Grass fed milk. Obviously comes from grass fed cows. Research has shown that there is a certain magic that occurs when cows are left to live the way they are supposed to live. When cattle is raised grazing on pasture eating the kind of food it was born to eat, the meat and milk it produces has qualities very similar to that of wild caught salmon and other healthy meats. Omega 3 oils, high in good cholesterol, little bad stuff and tastes like beef used to take many years ago when people raised their own beef on the back 40.

                                      I buy mine on the web. So far, none of the local upscale or "health conscious" markets carry it, though I have asked repeatedly. It is always clearly marked "grass fed". Here's the website I order mine from"http://www.grassfedtraditions.com/grass_fed_butter.htm
                                      I use the Pastureland brand in one pound unsalted blocks. It does cost about twice as much per pound as regular butter, which in the end is a good thing since it encourages frugality. I need that! It encourages me not to use a half cup of butter on one baked potato!

                                      I also use grass fed beef that I get here:http://www.alderspring.com/health_ben...
                                      Same benefits. But I did fall off the wagon for the holidays. <sugh> But I didn't have a prime rib or whole tenderloin of grass fed beef on hand, so there was no choice! <rationalize><rationalize><rationalize>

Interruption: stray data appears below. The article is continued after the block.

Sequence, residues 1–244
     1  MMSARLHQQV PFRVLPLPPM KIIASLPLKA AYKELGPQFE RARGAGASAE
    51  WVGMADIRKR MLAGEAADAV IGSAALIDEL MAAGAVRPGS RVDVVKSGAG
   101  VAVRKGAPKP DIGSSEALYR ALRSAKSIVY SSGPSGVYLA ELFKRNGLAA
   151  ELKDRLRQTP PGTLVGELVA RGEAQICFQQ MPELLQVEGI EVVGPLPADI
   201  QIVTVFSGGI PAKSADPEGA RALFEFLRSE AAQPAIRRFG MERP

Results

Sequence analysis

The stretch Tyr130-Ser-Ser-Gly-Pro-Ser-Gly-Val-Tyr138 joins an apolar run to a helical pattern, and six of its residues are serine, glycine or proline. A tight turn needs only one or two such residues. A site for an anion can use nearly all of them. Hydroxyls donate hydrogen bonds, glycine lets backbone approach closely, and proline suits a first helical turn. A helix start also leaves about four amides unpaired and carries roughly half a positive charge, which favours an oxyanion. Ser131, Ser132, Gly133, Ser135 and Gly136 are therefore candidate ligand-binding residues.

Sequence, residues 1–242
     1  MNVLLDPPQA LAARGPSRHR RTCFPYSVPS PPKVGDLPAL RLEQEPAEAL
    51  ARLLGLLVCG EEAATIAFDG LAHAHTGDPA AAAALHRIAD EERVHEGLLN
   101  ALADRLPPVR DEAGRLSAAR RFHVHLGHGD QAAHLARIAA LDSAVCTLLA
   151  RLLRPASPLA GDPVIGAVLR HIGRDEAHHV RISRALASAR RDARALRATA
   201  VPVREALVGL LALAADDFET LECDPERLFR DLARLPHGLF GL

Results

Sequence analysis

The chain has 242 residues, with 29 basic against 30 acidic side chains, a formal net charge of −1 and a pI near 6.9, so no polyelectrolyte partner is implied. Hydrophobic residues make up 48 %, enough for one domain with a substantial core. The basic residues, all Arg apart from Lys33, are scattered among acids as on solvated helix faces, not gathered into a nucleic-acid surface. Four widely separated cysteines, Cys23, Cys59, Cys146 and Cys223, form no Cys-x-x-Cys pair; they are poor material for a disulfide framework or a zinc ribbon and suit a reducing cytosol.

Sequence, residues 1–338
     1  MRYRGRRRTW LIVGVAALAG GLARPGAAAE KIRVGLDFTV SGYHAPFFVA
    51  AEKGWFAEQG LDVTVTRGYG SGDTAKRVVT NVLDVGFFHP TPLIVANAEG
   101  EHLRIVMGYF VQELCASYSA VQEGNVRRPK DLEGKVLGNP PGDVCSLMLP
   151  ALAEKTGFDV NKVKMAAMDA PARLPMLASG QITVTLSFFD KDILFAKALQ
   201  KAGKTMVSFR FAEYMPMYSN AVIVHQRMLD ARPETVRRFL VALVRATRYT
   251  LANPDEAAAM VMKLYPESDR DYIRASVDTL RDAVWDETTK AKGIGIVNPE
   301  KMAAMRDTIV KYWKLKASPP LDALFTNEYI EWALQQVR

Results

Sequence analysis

So far, I haven't found a local source for grass fed milk and I refuse to pay shipping on milk in glass bottles! But I'm campaigning for some of my local farmers markets to stock it.

                                      1. re: Caroline1
                                        Steady Habits Jan 1, 2009 07:30 AM

                                        Thank you so much for the information. Kind of makes sense to me--JMO, but I think a lot of the whole chain-of-nature works better when we let it work the way it was designed. (Not everything--like, I'm happy for certain vaccinations!--but I think there are other things we never should have tinkered with.)

                                        I am definitely going to look into that!

                                        1. re: Steady Habits
                                          Caroline1 Jan 1, 2009 10:17 AM

                                          There is a lot of information on line. If you grew up on grain fed beef, the grass fed will likely taste a little strange to you the first time you eat it, but for me, it was a taste of childhood. It's all pricey, but it helps me cut back on my beef AND butter consumption!

                                          Oh, and the butter freezes just fine. I order in dozen lots and stick it in the freezer.

                                          1. re: Caroline1
                                            Steady Habits Jan 1, 2009 10:35 PM

                                            Well...I am a true bargain hunter, but butter is one of the things I don't mind spending money on to get a better product, because I notice a real difference between premium and cheap butters. And...if it magically cuts the cholesterol, it would be worth it.

                                            I've bookmarked the link you gave me, but I also sent an email today to a New England food product promotion council. I like to support our New England farmers when I can, but if they don't offer this via mail order, I'm going to contact your source.

                                        2. re: Caroline1